“I sincerely hope that the young generation will be more active this time. It is not accidental that we launched a campaign to involve them. I am saying ‘we’, because this was a joint initiative of the European Parliament and the European Students’ Association. The Youth Votes! Campaign started last September in the heart of Europe, at the University of Vienna. Its launch gathered envoys of more than 20 countries from across Europe. As far as Bulgaria is concerned, I think that the campaign had a very good reach in various university cities and involved active young people. Here it wound up with a major meeting at the EP Information Center in Sofia where young people worded their own youth memo. The campaign for the whole of Europe closes in Edinburgh at the end of May.”

What kind of campaign do you think, would be more effective in motivating young people to vote – an official EP one, or the type of campaign you launched?

“I guess that all channels of communication are important, as various ways of reaching young people and citizens. However, I think that it is vital for the contenders for EP to keep constantly in touch with citizens through live meetings. I personally favor Internet campaigns, online contacts with young people. I held a few online discussions with them that turned out quite useful for me, and hopefully for the young people too. Today discussions unfold in blogs, in facebook and other social networks. Other channels have become more or less outdated except for the face-to-face discussion – it is still very effective. To recap: all communication channels can be relevant”.

We talked over the phone with Dragan Stojanovski, President of AEGEE – the European Students' Forum. The organization based in Brussels is running the so-called Y Vote 2009 Platform, where Y stands for Youth. What is his opinion in this context, will young people go to the polls?

“The answer for sure is no, unfortunately. And it is not only an issue of students and young people. It’s a common problem that European citizens don’t feel concerned about issues on the European Agenda. The reason for that is first of all ignorance, based on the fact that people do not have enough information. But on the other hand they feel that voting at the European parliamentary elections will not change anything, because decisions are still made by this institution in Brussels, which doesn’t really care about people’s opinion.”

Still, why do you think young people should vote in the forthcoming EP elections?

“The answer is very easy. It is a simple fact that the European Parliament gets more power every year and decides on bigger portions of our everyday life. And while the European Parliament is getting more power and the EU matters more, it seems that people start caring less and less. And this is quite absurd. So it is up to young people to start to change this course of things and try to explain to people that this institution is meant to take decisions, affecting our everyday life and that if we don’t engage ourselves in this process, then other people will be deciding on our life.”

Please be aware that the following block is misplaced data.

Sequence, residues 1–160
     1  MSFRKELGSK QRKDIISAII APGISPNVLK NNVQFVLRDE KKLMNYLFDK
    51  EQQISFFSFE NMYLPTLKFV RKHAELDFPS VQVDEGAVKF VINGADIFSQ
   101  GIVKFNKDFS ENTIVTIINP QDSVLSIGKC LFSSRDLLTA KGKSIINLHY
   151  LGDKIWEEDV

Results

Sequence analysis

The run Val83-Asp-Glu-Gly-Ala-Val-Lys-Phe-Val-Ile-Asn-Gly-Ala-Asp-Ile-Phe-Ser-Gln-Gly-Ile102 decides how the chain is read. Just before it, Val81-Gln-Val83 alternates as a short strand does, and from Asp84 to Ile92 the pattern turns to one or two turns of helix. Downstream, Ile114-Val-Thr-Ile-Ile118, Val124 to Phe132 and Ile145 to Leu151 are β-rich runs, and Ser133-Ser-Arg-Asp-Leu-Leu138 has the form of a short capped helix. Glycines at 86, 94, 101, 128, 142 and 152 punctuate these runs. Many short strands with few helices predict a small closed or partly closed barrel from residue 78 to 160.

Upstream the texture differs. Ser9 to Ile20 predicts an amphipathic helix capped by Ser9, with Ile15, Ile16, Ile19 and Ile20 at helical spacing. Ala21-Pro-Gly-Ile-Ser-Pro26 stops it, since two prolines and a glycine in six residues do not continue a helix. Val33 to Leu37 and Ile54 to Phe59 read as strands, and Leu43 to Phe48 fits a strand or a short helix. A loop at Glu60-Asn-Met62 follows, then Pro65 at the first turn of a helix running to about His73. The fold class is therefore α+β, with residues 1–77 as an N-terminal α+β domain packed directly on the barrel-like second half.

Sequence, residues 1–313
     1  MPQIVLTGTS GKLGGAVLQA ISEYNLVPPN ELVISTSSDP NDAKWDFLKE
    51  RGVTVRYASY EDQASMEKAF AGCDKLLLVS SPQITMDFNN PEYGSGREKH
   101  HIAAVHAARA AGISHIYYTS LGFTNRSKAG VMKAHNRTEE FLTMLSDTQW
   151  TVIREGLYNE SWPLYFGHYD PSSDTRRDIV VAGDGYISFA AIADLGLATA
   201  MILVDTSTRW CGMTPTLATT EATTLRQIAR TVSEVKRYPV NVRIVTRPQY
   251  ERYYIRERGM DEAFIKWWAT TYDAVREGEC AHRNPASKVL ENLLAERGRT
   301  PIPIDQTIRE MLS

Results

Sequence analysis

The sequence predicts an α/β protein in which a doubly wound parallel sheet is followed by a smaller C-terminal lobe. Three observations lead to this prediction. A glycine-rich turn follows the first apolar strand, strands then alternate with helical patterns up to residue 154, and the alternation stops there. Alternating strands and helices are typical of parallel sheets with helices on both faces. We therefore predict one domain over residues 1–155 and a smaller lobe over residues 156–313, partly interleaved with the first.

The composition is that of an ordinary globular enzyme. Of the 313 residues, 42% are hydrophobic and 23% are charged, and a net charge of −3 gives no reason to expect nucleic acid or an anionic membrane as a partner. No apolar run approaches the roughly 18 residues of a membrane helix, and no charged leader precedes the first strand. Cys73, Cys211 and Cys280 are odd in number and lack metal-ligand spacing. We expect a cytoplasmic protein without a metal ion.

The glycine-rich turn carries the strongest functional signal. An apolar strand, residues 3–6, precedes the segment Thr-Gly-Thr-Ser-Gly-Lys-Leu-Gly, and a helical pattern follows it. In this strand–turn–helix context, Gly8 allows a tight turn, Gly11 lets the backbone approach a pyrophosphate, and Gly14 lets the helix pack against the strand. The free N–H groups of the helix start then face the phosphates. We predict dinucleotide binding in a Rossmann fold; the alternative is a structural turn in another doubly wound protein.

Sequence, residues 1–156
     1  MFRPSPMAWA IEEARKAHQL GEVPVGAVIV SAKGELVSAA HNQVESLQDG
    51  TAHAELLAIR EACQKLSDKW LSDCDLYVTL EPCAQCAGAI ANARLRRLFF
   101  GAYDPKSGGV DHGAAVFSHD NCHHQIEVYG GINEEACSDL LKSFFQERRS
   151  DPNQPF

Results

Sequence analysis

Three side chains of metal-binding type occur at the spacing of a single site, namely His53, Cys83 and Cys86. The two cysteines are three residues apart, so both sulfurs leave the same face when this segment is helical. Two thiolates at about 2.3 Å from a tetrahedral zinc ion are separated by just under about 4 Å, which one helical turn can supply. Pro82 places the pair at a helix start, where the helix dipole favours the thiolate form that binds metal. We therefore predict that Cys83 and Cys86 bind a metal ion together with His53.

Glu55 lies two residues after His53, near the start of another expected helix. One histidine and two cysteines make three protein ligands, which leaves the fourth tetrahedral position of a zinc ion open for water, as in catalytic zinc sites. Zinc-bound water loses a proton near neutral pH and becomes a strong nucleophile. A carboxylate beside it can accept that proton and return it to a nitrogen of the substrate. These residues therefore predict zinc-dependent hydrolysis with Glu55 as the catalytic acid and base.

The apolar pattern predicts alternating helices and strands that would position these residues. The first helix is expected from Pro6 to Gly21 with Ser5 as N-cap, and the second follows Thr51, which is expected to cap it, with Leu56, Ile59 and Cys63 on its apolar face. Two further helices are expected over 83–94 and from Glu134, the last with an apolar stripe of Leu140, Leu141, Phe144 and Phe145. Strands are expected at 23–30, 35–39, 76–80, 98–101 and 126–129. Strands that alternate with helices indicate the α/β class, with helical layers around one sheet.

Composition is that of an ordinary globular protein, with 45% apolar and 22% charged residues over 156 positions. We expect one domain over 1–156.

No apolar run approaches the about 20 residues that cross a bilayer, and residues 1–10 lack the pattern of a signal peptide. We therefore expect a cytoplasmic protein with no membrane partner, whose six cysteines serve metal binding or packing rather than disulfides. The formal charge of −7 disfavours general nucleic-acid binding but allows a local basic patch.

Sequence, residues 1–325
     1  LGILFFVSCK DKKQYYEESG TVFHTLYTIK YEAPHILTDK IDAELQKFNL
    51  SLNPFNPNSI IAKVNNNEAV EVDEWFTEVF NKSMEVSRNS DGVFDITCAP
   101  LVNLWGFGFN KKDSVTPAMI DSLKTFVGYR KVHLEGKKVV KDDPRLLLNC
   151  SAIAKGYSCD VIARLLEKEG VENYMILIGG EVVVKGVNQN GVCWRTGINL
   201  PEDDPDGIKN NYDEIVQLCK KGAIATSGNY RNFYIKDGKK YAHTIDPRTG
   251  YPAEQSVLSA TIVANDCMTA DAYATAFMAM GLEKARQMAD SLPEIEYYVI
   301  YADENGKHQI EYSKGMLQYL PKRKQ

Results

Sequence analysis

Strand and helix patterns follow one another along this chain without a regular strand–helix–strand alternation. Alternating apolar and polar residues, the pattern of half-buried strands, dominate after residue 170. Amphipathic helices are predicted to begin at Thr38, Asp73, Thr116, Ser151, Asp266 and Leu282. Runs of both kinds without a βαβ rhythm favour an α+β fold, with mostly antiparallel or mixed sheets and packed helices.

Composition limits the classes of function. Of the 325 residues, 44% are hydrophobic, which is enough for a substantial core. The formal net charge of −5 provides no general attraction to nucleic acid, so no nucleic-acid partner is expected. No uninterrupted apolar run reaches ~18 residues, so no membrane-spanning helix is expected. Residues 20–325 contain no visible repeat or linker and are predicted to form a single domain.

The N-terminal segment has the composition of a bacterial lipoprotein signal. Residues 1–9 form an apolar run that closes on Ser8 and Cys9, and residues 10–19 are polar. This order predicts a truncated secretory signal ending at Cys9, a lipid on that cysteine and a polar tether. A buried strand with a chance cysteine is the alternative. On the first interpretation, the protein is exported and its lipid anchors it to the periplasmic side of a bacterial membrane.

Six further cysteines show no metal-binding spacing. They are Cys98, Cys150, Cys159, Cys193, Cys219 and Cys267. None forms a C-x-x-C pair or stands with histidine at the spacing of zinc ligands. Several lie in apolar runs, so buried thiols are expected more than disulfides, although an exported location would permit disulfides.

What do young people expect from future MEPs?

“I think that young people are for sure those, who are benefiting most out of the EU programs, especially in the field of education with the Erasmus program and with mobility. About their expectations in the next years first of all young people are very concerned about global problems like environment, climate changes, also the effects of the financial crisis. They understand that this type of issues can be only resolved with an international effort. So they realize that the EU really can change things in this field. The second thing is that a great part of young people are unemployed – this is a serious problem, which is increasing every day. And I think that they expect from the EU, especially in times of economic crisis, to give them more opportunities for employment for first job and also for working abroad.”

Fernando Navarro is editor-in-chef of Economy & Political Affairs Department in the European edition He is also in charge of the web portal focused on the forthcoming elections.

“If young people are concerned over problems such as employment, freedom on the web, migration or the economic crisis, they should defend a certain political manifesto dealing with Europe’s future steps. The European Parliament is unique – it is the only European institution elected at direct, general elections. In three month’s time it will triple its powers. So now, more than ever, people should go and cast their votes in the European elections. If you did not vote in the previous elections, it is now the time to go to the polls! In fact these will be the first European elections with a potential to impact on the political trends in Europe. In our website young people demand clearer European policies, more notably, a clearer differentiation of various political trends and doctrines in Europe. So far, the problem of the European Union was that in practice the so-called consensus has been widely exploited. Young people have lost interest in the European elections, because they can no longer see any choice. There are several political trends, which will join forces for the so-called consensus. At the end of the day, different political doctrines will equalize their positions, and this is disincentive for voters”.

In the next installment of the series we will be discussing the election turnout, as well as the results in the elections for European Parliament. We wish the best of success to all contenders in the elections across the European Union. This series is broadcast by Radio Bulgaria under the project Interacting with the European Parliament carried out by the European Institute with financial support from the Directorate General Communication of the European Parliament. Your questions, comments and suggestions are welcome in our office, as well as at . For more details, please, look up the website

Written by Iliana Raycheva, Veneta Nikolova
English version: Iva Letnikova, Daniela Konstantinova